The Killers – ‘Don’t Waste Your Wishes’ Review

It’s that time again: The Killers transform from synth-indie heroes into the 21st century Slade

For most of 
the year, The Killers are the suave 
Vegas synth-indie showmen we know and love, but one whiff of a Brussels sprout and they instantly transform into the 21st century Slade.

For 11 years, Brandon Flowers and co have been roping in fellow musicians and celebrities to record Christmas songs in aid of the (RED) Aids charity and make star-studded videos, bringing seasonal joy to those of us who revel in the sight of the more smile-averse, too-cool-for-yule Killers Dave Keuning and Mark Stoermer dutifully dusting off their elf suits and antlers once a year.

Launched in 2006, The Killers’ (RED) project, collected here on their first Christmas album, veered from the ridiculous to the sublime and swiftly back again. The first instalment, ‘A Great Big Sled’, features Curve’s Toni Halliday on what’s essentially a standard Killers pop epic with sleigh bells on. But the band’s tour manager Ryan Pardey soon became the star of the series, portraying a demented Bad Santa hunting down a child-killing Brandon to extract murderous revenge on ‘Don’t Shoot Me Santa’ and its two sequel songs: menacing stalked-by-Santa synth anthem ‘I Feel It In My Bones’ and last year’s glam Elvis boogie ‘Dirt Sledding’, in which Santa forgives, forgets and puts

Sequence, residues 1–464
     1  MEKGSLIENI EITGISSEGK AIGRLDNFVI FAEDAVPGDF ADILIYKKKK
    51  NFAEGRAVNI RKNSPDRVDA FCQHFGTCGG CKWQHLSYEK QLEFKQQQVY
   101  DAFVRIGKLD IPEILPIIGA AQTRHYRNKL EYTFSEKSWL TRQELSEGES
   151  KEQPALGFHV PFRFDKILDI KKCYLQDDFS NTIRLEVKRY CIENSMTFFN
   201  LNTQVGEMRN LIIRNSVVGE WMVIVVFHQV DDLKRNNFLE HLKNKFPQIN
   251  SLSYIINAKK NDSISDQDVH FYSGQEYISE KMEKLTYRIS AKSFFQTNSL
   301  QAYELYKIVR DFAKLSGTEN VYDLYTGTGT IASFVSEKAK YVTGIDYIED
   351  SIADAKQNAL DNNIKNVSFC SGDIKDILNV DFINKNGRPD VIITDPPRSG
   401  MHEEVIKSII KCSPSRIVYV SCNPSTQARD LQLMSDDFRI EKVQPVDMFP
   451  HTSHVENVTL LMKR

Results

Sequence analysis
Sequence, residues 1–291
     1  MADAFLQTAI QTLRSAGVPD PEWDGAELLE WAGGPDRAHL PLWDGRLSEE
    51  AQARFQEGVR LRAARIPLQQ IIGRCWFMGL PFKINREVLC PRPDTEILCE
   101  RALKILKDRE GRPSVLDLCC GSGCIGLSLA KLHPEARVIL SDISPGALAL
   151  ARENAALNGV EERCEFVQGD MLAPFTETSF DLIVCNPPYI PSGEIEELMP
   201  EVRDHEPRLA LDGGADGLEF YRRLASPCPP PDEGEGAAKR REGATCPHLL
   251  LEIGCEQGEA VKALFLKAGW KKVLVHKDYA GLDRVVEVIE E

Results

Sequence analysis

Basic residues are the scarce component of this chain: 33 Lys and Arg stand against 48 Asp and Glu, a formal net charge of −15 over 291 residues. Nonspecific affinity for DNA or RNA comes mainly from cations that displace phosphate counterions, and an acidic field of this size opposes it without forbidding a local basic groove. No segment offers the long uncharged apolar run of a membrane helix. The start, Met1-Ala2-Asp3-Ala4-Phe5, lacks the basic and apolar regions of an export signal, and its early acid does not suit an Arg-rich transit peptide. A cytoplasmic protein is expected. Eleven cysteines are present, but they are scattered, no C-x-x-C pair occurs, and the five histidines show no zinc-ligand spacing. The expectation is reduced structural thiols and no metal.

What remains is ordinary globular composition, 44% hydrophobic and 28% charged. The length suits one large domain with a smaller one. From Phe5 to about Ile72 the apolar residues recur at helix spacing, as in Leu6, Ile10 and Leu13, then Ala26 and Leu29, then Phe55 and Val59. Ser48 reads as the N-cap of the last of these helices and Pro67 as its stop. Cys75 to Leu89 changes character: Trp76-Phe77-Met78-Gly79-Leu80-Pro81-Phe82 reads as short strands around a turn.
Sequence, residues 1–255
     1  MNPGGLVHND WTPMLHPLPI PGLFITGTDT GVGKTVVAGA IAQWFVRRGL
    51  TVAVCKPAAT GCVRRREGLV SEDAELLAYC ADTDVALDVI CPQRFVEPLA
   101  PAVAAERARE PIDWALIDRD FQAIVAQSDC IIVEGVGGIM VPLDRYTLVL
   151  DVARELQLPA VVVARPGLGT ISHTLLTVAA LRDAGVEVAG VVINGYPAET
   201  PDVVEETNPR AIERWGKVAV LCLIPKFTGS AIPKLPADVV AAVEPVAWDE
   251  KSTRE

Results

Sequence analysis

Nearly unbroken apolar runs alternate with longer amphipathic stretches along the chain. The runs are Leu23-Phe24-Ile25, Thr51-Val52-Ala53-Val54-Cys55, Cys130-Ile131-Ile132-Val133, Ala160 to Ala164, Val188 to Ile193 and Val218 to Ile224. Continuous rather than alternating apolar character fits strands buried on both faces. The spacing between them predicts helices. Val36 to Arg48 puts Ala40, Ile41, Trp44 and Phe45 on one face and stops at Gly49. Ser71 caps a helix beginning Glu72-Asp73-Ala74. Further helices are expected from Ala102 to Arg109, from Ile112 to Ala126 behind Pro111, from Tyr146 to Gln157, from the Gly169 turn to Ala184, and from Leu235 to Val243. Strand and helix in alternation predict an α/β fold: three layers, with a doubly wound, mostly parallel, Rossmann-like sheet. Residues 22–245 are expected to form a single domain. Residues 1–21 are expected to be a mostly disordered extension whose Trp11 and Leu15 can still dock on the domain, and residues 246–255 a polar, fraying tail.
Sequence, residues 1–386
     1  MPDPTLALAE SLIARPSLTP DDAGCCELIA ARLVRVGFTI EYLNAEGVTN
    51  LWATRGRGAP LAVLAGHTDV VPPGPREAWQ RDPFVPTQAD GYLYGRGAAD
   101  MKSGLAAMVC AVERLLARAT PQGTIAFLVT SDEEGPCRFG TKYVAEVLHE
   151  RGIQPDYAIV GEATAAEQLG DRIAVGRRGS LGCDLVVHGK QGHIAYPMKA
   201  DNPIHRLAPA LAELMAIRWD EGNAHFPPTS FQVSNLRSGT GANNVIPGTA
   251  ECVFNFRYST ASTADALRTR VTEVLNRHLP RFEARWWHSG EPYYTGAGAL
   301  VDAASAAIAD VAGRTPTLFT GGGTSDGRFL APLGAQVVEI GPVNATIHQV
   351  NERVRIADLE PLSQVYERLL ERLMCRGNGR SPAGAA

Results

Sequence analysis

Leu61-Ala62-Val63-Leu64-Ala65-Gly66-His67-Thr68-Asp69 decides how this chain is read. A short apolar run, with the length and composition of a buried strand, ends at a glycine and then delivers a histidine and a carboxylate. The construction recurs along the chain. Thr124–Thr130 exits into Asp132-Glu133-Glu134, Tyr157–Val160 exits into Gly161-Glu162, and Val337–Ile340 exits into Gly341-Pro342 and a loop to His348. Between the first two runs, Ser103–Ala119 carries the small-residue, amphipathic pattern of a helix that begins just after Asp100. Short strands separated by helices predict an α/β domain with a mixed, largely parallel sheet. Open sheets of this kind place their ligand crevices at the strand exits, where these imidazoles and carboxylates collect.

Brandon back on his ‘nice list’.

Even though their more comic yuletide crackers were as novelty and jingle-belled as the worst festive excesses of Mel Smith and Kim Wilde, The Killers’ 
sharp wit, melodic opulence and theatrical class fights back the tidal wave of cheese that floods most other acts’ Xmas efforts. Take ‘Joel The Lump Of Coal’, featuring Jimmy Kimmel as a malicious Santa giving a bad kid the titular “lump of anthracite” 
– a Beatledelic heart-warmer that’ll make you believe Donald Trump was right to feel mindless affection for fossil fuels.

But when The Killers take yuletide more seriously – rattling out a gorgeous mariachi romance on ‘¡Happy Birthday Guadalupe!’, picturing lovelorn actors and drunkards on ‘Christmas In LA’ and ‘Boots’ or considering what it’s like to be cuckolded by God alongside 
Neil Tennant and Elton John on ‘Joseph, Better You Than Me’ – they conjure stirring festive anthems that make ‘Don’t Waste Your Wishes’ a worthy addition to their canon and among the best Xmas albums ever made. It all ends with Brandon’s moving duet on ‘I’ll Be Home For Christmas’ with the fourth-grade teacher who inspired him to get into music; go on, just try not to hug 
your mum.